Palestinian view: 'Despite the siege and the suffering, we can share in a feeling of victory'

In a show of strength rarely displayed these days, masked and heavily armed militants from Hamas's armed wing, the Al Qassam Brigades, joined the hundreds of thousands of jubilant Palestinians who crowded into Gaza City's Al-Katiba Square to greet the arrival of nearly 300 newly freed prisoners.

The sight of so many fighters in plain view was a throwback to another much bloodier era, but it seemed that Hamas, the engineer of the most lopsided prisoner exchange in Israel's history, intended to drive home the message that the language of force had worked.

"It is a victory for the resistance, a victory for the Palestinian people," said Raida al-Uff, a 30-year-old Palestinian woman. "Despite the siege and the suffering, Palestinians can be happy, even if only for one reason."

On a stage bedecked with flags and garlands, a giant poster depicted the capture of an Israeli soldier – a reminder, as if it was needed, that it was the abduction of Gilad Shalit, the Jewish soldier taken in a cross-border raid by Gaza militants more than five years ago, that had won more than 1,000 Palestinians their liberty. "We want another Shalit!" chanted the crowd, a cry that will chill many Israelis who have argued that the freedom of one Israeli soldier commanded much too high a cost, and would encourage Palestinians to attempt to repeat the exercise.

Israel released a first tranche of 477 prisoners, with the remaining 550 to be set free in two months. Indeed, many of those returning to Gaza yesterday, as well as scores more deportees arriving back in the West Bank, were men with blood on their hands, some of them responsible for the most notorious attacks on Israeli soil in the past decade. Those deemed by Israel to be too dangerous to send to the West Bank or East Jerusalem were deported to Gaza, which is under Israeli blockade, and inaccessible to most Palestinians.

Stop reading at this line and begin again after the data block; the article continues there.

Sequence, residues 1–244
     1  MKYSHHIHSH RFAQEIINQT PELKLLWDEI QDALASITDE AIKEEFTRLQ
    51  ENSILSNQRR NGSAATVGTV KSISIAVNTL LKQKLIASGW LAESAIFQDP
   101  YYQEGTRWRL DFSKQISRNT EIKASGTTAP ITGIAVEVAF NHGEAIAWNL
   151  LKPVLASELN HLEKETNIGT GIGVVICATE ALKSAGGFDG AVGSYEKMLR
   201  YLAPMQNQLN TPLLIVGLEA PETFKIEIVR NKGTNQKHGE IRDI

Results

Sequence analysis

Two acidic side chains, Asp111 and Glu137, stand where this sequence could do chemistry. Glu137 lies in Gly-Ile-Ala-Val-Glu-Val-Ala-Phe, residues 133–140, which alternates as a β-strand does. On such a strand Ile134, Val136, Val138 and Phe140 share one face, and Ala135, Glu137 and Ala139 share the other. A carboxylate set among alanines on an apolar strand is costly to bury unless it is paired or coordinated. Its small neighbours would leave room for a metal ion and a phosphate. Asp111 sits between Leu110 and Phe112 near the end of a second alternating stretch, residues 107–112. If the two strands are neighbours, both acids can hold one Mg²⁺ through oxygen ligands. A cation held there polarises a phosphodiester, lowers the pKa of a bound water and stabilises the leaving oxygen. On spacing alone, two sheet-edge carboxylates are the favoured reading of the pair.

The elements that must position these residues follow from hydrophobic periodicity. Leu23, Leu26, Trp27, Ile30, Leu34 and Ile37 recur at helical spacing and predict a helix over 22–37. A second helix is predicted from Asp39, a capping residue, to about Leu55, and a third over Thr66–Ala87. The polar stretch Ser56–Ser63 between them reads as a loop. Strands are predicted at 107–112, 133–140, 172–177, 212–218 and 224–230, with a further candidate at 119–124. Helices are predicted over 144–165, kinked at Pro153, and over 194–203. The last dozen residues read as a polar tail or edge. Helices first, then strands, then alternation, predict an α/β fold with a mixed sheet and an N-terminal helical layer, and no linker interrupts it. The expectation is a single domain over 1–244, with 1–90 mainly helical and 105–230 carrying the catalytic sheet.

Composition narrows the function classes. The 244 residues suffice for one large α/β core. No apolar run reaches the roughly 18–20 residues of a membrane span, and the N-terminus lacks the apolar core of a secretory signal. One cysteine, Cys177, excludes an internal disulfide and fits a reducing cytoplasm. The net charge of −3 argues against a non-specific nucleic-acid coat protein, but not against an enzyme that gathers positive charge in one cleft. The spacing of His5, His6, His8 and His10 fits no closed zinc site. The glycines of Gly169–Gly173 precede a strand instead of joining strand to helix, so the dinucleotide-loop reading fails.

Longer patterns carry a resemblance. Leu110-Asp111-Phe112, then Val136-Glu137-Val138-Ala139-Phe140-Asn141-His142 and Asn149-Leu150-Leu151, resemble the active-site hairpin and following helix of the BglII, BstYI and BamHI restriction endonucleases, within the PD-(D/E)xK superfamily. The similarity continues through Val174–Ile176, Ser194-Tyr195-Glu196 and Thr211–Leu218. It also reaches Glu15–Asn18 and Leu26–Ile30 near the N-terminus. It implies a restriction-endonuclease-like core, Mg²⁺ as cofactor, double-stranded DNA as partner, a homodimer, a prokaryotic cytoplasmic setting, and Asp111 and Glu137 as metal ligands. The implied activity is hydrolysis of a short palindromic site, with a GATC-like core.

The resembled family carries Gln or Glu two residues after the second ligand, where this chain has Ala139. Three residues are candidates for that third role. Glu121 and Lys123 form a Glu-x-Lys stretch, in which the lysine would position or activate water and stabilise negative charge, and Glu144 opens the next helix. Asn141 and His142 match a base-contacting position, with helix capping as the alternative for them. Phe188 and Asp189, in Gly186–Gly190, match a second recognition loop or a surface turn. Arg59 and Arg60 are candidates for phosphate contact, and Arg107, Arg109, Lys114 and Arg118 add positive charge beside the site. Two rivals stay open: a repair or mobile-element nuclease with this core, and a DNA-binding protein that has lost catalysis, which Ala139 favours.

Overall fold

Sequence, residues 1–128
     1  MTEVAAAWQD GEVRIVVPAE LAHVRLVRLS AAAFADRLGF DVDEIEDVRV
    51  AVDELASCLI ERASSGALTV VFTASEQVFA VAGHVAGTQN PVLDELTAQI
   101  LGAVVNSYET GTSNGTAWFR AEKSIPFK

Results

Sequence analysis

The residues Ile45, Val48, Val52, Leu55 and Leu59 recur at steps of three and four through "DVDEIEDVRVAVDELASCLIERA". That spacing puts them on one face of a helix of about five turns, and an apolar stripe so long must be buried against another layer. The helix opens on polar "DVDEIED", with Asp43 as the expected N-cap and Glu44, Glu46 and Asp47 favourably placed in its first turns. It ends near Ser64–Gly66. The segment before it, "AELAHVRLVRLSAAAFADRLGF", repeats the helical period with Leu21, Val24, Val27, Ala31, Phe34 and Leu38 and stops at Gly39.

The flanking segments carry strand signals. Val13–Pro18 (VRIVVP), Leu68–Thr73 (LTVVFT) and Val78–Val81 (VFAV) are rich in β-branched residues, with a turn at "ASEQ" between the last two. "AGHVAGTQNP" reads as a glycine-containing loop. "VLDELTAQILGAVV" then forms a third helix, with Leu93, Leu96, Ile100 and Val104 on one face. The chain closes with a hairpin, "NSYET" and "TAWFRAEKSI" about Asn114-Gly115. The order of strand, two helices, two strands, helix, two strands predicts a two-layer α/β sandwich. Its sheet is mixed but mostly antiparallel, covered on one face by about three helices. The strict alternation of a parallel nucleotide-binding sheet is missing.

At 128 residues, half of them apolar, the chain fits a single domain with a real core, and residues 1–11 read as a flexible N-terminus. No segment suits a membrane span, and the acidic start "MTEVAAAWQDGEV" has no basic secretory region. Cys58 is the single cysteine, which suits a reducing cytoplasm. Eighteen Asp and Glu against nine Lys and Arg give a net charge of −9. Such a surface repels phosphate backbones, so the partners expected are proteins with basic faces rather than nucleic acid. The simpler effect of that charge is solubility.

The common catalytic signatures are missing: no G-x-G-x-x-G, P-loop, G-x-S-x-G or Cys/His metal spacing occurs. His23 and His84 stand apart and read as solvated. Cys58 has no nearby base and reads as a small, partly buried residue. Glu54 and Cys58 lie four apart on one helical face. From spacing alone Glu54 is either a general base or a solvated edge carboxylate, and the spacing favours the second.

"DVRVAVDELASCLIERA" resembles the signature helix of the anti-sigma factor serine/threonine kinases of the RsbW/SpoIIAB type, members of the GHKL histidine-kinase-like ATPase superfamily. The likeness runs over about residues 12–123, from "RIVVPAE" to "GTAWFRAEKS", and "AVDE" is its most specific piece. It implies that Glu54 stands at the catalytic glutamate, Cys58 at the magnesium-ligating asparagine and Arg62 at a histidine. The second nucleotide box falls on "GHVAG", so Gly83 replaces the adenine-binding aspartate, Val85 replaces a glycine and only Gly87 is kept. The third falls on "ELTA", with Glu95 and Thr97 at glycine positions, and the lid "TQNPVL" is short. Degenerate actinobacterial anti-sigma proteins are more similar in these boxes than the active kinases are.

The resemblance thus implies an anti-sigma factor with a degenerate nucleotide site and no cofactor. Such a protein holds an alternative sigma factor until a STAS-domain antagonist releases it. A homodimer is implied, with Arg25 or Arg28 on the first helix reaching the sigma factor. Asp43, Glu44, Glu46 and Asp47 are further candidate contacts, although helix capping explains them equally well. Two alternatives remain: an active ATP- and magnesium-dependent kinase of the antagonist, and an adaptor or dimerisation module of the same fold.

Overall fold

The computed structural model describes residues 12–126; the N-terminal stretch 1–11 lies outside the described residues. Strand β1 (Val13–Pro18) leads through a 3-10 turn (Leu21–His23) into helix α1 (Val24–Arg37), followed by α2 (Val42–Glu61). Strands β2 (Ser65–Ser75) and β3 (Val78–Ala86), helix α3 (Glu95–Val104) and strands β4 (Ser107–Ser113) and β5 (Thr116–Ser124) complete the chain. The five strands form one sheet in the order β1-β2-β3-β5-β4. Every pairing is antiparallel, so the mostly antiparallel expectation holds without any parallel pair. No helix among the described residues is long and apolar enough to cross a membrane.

But all returned to a hero's welcome. In some cases, families had waited more than 30 years for their relatives' freedom. As newly released prisoners arrived at the Rafah border crossing in the morning, some dropped to the ground to kiss the soil before they were reunited with loved ones. Raed Abu Lebdeh, embracing his weeping 13-year-old daughter for the first time since his arrest 13 years ago, said it was a moment of "indescribable joy".

They then boarded buses to Gaza City, where a crowd of 100,000 or more lined the route of the convoy, led by the Hamas Prime Minister Ismail Haniyeh in a saloon car. As the buses inched through the throng near the square, cheers went up from the crowd. Mr Haniyeh told his people that the capture of the Israeli soldier was instrumental in winning freedom for hundreds of Palestinians. "Some described Shalit's captivity as a worthless adventure but today they are proven wrong," he said.

In Ramallah, President Mahmoud Abbas also addressed vast crowds and sought to make a rare display of unity by sharing the podium with three Hamas leaders from the West Bank.

"Palestinians have a feeling of victory, even if not complete victory," said Atef Masad, 46, referring to the 5,000 or more Palestinian prisoners still held in Israel. "It is something we have taken from Israel by force. It is something we can't get through negotiations."

Meanwhile, Zahra Abu Jalali was patiently waiting in the crowd to see her brother, Hamad, 56, who served 22 years in jail. His family has lost no time in finding him a wife – a 20-year-old relative. According to Hamad's sister, his future wife said: "He sacrificed his life, now I will sacrifice mine."

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